A Journey to the State Capitol

Hello? Is anyone home?

At first, I thought that it would be easy to schedule a meeting with my state legislative representative. After all, I am one of their constituents and don’t they have an obligation to listen to voting members of their district? Perhaps this is an incorrect assumption, but I’m guessing my neighbors, their constituents, are not knocking down their doors to discuss State legislation. But I could be wrong.

I live in District 37 represented by Senator Rebecca Saldana and Representatives Eric Pettigrew and Sharon Tomiko Santos. After 8 email meeting request and a voicemail over the course of a month, I heard nothing. Maybe none of them wanted to discuss House Bill 1536. Maybe none of them wanted to talk about creating an economically diverse neighborhood by preserving affordable housing stock in existing buildings. Maybe none of them wanted to talk about how to incentivize private apartment owners to set-aside 25% of their building for low-income tenants (at 50% and 60% of Area Median Income). I will never know.

But all was not lost. Although I was not able to get an in person meeting, I did see Representative Sharon Tomiko Santos at the Education Committee Hearing in House Hearing Room A in the John L. O’Brien Building in Olympia, WA. As chair of the Education Committee, Representative Santos was presiding over a hearing on House Bill 1705.


Representative Sharon Tomiko Santos presides over the Education Committee Hearing in House Hearing Room A in the John L. O’Brien Building.

Representative Kirby, the house bill’s prime sponsor made a few remarks to start the discussion. In a half-joking manner he said that the bill would fix public education once and for all and that the bill was more important because it had a higher number (than another bill on the same agenda). He mentioned, anecdotally, that he spent time with kids and parents in charter schools last year and that the parents were happy with charter school. He said that over the last couple of decades there have been more laws put into place in an effort to make schools better, but he alluded to the fact that this may have the opposite outcome. Charter schools are exempt from, according to him, “almost everything”. The bill he sponsored would allow public schools to be flexible by opting into a program – thus the bill’s title, to authorize flexibility schools and flexibility zones.

Before the bill hearing, there was a working session to first understand, what is a flexibility school?

The Education Committed was presented information about non-traditional education programs in Washington Public School System. These programs include STEM Lighthouse Schools, dual credit programs (Advance Placement, Running Start, etc.), the Highly Capable Program at the University of Washington, among others. The committee members were all given time to question the presenter and to ask for follow up information. Just behind me in the audience, there was a young, African-American teenager that was raising his hand to speak. The Committee Chair called him to the stand to speak.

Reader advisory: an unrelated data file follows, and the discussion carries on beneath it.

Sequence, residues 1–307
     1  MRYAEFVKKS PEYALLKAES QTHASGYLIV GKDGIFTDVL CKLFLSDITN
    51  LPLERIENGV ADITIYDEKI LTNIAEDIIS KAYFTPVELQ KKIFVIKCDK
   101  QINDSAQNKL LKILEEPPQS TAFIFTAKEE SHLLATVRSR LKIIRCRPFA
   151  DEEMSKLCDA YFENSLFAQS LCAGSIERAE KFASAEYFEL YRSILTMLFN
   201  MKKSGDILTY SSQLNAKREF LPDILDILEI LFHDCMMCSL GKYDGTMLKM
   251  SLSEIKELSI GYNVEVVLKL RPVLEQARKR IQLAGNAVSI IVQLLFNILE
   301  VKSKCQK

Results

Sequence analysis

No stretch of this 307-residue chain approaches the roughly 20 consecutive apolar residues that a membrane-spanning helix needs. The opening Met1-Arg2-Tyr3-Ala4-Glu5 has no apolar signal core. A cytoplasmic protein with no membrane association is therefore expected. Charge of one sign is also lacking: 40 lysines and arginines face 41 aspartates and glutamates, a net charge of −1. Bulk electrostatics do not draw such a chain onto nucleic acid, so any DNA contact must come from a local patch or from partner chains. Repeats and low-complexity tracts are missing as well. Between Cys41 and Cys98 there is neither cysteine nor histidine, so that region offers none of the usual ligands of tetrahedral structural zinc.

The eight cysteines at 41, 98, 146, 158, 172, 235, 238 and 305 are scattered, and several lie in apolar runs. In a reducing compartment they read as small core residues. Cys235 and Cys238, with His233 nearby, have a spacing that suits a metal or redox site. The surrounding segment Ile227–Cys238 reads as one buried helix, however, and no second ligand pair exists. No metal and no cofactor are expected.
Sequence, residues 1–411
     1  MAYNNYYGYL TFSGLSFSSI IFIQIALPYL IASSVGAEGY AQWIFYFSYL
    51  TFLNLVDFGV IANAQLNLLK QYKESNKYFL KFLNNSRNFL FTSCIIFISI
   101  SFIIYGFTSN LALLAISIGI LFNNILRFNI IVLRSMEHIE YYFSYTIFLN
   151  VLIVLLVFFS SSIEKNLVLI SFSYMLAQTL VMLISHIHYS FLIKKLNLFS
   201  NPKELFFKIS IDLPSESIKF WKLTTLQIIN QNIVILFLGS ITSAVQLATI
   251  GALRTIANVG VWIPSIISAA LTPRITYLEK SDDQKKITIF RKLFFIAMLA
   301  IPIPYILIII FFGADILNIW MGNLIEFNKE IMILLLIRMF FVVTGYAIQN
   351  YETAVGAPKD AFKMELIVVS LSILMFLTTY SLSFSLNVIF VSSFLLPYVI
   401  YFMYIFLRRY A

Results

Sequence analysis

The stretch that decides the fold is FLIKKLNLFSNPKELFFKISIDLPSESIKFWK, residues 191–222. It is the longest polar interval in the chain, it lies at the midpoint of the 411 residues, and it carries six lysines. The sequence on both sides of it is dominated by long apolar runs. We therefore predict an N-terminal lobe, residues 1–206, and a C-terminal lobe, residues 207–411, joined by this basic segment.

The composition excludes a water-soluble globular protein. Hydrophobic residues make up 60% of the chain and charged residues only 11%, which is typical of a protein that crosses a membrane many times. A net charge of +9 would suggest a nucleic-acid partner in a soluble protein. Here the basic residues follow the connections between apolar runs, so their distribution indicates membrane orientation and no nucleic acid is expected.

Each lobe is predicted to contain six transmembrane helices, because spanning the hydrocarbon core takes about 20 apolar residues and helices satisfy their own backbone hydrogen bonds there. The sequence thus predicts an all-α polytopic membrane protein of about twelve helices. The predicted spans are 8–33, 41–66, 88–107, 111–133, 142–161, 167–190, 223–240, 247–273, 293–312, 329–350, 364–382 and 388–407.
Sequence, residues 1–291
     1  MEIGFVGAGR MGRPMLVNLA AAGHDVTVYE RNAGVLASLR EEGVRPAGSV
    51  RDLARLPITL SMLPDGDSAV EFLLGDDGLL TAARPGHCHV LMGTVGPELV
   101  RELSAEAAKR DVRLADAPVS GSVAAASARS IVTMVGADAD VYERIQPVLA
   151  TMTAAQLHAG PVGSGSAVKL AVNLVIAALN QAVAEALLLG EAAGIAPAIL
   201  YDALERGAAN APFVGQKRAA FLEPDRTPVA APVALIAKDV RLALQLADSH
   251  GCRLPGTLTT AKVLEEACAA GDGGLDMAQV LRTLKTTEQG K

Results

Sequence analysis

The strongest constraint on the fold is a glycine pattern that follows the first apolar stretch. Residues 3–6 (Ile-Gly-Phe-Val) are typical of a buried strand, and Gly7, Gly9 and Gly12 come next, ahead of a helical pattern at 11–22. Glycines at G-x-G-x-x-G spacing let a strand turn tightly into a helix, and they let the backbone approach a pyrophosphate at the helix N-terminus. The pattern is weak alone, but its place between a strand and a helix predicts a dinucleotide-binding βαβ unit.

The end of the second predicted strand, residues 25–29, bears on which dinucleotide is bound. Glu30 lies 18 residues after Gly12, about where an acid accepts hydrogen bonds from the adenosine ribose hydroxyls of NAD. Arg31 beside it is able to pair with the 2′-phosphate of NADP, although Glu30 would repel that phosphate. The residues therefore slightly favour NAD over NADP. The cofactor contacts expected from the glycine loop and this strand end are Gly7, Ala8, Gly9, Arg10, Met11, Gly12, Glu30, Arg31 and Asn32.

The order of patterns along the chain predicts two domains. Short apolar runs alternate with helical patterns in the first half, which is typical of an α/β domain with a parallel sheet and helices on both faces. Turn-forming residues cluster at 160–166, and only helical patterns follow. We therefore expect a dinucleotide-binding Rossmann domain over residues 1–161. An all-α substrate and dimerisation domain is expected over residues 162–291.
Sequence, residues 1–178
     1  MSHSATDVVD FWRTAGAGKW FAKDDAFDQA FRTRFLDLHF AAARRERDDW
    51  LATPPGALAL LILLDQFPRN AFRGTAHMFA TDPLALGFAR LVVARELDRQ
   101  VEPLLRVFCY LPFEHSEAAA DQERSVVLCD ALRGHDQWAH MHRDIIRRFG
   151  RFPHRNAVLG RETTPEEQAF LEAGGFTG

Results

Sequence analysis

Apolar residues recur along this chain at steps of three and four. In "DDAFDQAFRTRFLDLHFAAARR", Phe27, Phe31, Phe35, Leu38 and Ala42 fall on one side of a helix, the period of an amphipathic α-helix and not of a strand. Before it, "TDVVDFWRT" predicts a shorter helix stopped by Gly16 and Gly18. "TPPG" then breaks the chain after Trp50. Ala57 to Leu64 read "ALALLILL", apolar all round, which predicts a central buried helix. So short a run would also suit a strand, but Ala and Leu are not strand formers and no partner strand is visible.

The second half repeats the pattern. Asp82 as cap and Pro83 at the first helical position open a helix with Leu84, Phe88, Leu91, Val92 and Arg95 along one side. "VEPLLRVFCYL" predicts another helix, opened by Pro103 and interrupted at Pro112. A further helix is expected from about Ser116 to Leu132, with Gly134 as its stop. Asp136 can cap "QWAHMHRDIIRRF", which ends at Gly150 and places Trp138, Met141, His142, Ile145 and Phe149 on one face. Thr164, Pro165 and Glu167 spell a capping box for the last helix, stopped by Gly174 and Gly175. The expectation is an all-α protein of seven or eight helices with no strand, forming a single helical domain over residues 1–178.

Eldridge is a senior at Big Picture High School, an Alternative School, in Burien. He spoke very eloquently about the close teacher/advisor relationship with each student, the ability to learn through exploring your own interests, career exploration through outside internship, and a competency-based evaluation system rather than grades/credits. Two other students in the audience joined Eldridge. The Committee was then questioning all three students about their experience at Big Picture High School. The questions including:

  • How does a competency based evaluation program work?
  • How do you get to school?
  • Who determines competency?
  • Why did you choose to go to an alternative school rather than a traditional school?
  • What role did your parents play in making that choice?

The Committee was enamored with these students.   At one point, Committee Chair Santos had to do a time check move on with the agenda.

I’m fairly certain that those students did not take the day off of school to travel from Burien to Olympia to share their story in front of the House Education Committee on their own. At the committee hearing, I witness the power of a strong testimonial. The student’s testimonials eclipsed, by far, the Power Point presentation with bullet points and data. Testimonials have a place in our lawmaking process, but should they become more important than results and data? In a public forum, which is our legislative process, it is much more compelling to tell a story, than to present a data table. Welcome to the legislative process.